Ronald Mann to Remain at Columbia, Not Returning to TexasSometimes it ain't over, till it's over, as Yogi Berra would say.
May 26, 2010
Congratulations to the Chicago Alumni Who Have Accepted Tenure-Track Positions for This Fall
Renee Knake '99, who will join the faculty at Michigan State University.
Jake Linford '08, who will join the faculty at Florida State University.
Jamie Lund '06, who will join the faculty at St. Mary's University.
Amelia Rinehart '02, who will join the faculty at the University of Utah.
Arden Rowell '06, who will join the faculty at the University of Illinois.
Amy Stein '00, who will join the faculty at Tulane University.
You can see a (hopefully!) complete list of Chicago alumni in law teaching here.
If you are a Chicago alumnus/alumna thinking about entering the teaching market this year or next, please touch base with me if you have not already done so.
Marquette Dean Crisis Continues; Faculty Not Ready to "Heal and Move On"
A couple of weeks ago, I noted that Marquette had offered the deanship of Arts and Sciences to sociologist Jodi O'Brien. O'Brien, who is on the faculty of the Jesuit Seattle University, is an out lesbian who writes about issues of religion and homosexuality. For whatever reason - Marquette's official position amounts to "we were lazy and never bothered to read her controversial work" but some now hint that the turnabout was in response to pressure from Archbishop Jerome Listecki - Marquette (also a Jesuit school) reneged on its offer and told Professor O'Brien to go away.
Folks at Marquette have been stewing about this. Monday, faculty members from both Marquette and Seattle joined to buy a critical full page ad in the Milwaukee Journal-Sentinel. Among other things, the ad stated that the university's decision: "puts academic freedom at risk at Marquette University. We reject an intellectual 'litmus test' for our faculty, staff, and leaders in the administration."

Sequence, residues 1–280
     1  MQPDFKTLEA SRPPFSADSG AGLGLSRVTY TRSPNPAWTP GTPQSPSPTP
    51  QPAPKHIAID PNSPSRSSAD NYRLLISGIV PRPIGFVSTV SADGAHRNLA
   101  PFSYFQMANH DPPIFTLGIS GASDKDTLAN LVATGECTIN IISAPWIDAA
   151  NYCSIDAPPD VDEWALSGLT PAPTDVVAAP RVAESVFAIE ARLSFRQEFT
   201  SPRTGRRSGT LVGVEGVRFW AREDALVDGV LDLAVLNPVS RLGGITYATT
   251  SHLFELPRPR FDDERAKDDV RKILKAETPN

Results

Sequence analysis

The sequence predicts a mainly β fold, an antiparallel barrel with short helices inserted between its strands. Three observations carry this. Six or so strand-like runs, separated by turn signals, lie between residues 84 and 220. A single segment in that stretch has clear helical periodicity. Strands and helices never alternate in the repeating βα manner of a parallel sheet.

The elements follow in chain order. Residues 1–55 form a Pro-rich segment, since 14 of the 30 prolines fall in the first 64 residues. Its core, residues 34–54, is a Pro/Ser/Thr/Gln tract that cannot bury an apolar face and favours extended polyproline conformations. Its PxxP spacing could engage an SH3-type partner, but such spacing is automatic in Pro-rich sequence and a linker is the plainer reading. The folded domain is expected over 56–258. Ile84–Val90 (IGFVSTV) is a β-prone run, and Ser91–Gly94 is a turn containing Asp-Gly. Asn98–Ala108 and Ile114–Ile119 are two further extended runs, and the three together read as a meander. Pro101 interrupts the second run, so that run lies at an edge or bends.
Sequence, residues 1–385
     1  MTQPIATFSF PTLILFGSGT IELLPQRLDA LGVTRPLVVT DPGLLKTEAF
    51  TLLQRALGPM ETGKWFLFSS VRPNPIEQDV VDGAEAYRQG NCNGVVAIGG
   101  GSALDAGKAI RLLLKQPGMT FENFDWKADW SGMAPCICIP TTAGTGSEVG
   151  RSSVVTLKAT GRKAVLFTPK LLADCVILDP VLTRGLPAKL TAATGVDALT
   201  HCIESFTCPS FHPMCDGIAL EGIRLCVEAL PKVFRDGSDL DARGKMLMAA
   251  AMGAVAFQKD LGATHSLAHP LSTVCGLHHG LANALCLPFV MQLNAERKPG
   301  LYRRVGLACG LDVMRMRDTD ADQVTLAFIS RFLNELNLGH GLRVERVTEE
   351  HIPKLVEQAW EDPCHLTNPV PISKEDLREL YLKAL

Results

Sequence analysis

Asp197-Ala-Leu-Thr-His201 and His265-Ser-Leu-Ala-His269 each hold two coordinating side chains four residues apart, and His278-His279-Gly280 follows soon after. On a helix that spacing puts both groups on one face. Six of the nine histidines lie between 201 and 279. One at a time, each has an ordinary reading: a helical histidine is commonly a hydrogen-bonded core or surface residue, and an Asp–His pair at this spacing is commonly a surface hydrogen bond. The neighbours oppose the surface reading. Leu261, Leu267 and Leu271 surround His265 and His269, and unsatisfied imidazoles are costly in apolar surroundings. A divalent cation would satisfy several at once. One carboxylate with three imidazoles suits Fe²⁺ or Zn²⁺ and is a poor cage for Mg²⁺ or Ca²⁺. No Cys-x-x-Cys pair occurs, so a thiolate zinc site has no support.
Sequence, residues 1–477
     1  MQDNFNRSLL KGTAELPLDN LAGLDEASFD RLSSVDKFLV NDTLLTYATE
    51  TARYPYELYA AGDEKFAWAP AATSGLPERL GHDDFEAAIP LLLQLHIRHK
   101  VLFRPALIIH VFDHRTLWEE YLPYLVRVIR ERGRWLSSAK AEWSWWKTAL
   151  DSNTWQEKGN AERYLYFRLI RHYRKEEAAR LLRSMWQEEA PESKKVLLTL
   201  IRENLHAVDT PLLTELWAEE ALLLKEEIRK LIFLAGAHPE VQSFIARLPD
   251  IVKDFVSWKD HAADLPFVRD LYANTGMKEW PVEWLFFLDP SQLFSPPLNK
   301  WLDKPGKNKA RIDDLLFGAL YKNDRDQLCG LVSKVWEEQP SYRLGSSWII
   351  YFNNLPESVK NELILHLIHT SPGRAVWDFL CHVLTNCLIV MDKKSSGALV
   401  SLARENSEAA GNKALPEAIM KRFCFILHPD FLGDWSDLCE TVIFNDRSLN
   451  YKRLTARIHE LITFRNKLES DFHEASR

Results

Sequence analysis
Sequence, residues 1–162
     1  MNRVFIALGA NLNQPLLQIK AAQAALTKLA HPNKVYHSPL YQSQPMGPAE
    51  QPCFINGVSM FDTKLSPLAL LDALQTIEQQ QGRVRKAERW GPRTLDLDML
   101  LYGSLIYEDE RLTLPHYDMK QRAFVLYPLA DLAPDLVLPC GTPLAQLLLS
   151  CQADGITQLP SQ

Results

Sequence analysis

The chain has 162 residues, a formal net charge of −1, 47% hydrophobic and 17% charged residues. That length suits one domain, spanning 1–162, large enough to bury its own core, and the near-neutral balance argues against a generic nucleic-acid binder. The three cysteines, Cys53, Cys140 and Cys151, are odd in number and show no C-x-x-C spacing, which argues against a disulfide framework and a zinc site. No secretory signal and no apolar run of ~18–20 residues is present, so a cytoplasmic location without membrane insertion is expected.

Showing the signs of a school that perhaps worries more about sports than Arts and Sciences, the faculty added: "We note with chagrin that while the administration encouraged the university community to discuss the name change of our basketball team for a full year, less than two weeks after this egregious action, which strikes at the heart of our functioning as a university, we were told it is time for 'healing' and 'moving on.' We will not be silent until the integrity of our university is restored."
Should Junior Faculty Post Work on SSRN and, If So, When?
A tenured colleague elsewhere asks: "What about this issue of posting articles on SSRN pre-offer or pre-publication in a review. Good practice or bad for junior people? "
Here's what I typically tell junior faculty: do not post anything on SSRN (or anywhere else on the web) until it's an essentially penultimate draft. Junior people, not being 'known' quantities, don't have the luxury of posting material in rough draft with the expectation that even if it's not so good, readers will come back for more. The nightmare scenario for untenured faculty is to put an unrepresentative and mediocre piece of work on SSRN, have folks in your field look at it, and conclude, "This guy/gal is a lightweight, not worth my time anymore." The psychological literature makes clear that first impressions are very sticky, and a junior faculty member wants the first impression of other scholars to be favorable.
So, in sum, I think it's fine to post something on SSRN before it is accepted for publication, but only post it if it's been vetted by colleagues, revised, and polished. Put your best foot forward, not your rough draft.
Thoughts from readers? Signed comments only.